Finding Our New Song (Revelation 7)

Odysseus and the Sirens

Ever More Precise

Let’s begin with a poem called Claritas by Denise Levertov:

The All-Day bird, the artist,
 whitethroated sparrow,
 in hope and
 good faith to make his notes
 ever more precise, closer
 to what he knows.

I love this line:

Striving in hope and good faith to make his notes ever more precise, closer to what he knows.

Isn’t this beautiful? I love this image of the bird struggling to find the right notes, “closer to what he knows.”

I think this image connects to something deep within all of us, it certainly does with me. One of the things I desire more than anything else is that the notes, the song that is within here — my head and my heart — can become the notes that I sing with my life.

I want the song of my heart to the be the song that is sung through my work, my play, my preaching, my care-giving, my fathering, and like this little bird, I want it to be a beautiful song.

But it isn’t always easy to line up head and heart, life and song. I remember when I was told that to become a minister was a worthless pursuit and something I would regret later in life by someone I looked up to and loved. Sometimes those we love, those we look up too, try to keep us from singing the songs of our hearts.

Often when we try to sing our song, like this All-Day Bird, there are others who tell us that we can’t sing, that our song is no good, that we are singing life in the wrong way.

Last week we focused on the central image of Revelation – the lamb that was slain – and about the religion of the lamb that was based in nonviolence. I described nonviolence as:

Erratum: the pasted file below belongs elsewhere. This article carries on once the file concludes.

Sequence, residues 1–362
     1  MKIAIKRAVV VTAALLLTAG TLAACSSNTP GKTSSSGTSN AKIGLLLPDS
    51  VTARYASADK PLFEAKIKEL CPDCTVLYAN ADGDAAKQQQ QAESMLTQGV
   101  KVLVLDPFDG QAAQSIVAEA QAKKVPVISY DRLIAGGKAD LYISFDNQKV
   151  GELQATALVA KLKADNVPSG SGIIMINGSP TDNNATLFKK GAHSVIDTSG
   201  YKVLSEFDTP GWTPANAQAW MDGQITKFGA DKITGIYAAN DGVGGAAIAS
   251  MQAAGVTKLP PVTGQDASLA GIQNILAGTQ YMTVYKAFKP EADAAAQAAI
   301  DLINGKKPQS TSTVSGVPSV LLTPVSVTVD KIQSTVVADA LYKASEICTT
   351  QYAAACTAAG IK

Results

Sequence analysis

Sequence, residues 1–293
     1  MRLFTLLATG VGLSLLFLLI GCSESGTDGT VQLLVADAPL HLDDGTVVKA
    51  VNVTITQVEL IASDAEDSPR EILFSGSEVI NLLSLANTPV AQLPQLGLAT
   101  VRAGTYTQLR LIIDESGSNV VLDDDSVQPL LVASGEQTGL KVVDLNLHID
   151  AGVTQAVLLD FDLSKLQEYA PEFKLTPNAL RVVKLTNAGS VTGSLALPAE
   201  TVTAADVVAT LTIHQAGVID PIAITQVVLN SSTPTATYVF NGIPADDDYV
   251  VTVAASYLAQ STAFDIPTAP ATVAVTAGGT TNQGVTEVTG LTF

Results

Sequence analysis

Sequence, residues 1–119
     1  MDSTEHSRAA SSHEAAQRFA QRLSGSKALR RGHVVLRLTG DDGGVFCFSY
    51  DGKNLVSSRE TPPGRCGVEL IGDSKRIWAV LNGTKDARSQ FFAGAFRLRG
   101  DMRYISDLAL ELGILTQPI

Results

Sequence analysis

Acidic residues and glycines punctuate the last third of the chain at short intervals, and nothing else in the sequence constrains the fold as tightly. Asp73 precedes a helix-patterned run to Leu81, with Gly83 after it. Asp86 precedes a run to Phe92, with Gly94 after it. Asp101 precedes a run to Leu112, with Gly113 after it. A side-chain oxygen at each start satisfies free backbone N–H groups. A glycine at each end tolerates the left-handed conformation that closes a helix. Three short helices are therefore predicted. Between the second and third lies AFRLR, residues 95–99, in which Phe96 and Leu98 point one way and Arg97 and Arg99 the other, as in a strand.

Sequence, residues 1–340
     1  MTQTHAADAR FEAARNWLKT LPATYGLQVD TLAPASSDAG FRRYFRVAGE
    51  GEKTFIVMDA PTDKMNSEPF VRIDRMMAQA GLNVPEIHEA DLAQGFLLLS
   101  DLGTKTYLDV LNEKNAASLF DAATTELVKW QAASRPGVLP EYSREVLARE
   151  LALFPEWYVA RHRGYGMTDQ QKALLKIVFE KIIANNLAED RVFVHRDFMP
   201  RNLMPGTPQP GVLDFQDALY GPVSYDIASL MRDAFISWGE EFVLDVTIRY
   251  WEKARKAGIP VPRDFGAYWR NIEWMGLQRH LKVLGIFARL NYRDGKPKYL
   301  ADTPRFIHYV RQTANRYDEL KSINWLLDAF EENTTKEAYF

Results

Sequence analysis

Nonviolence is a commitment to act in every situation in ways that honor the soul.

In other words, if this little bird is to learn his or her tune, if it is to make it more precise then it needs the conditions, the support, the community in order to exercise its little whistle.

The world that the young Jesus movement was born into was a world, the world that John’s revelation pierces into, is not one where the conditions were not perfect or safe, it was not a warm and welcoming environment for a little song bird’s new song. And so John’s message this morning is that if we want to sing our new song about the lamb, then we will need to recognize that it is going to go against the grain and that we are going to need help to do it because there are those who do not want it sung.


As we saw last week, Revelation describes two kinds of religions in conflict, the religion of empire and the religion of the lamb that was slain. The religion of empire is rooted in fear, control, suspicion of others, and violence. The religion of the lamb is rooted in courage, patience, love of stranger, and nonviolence.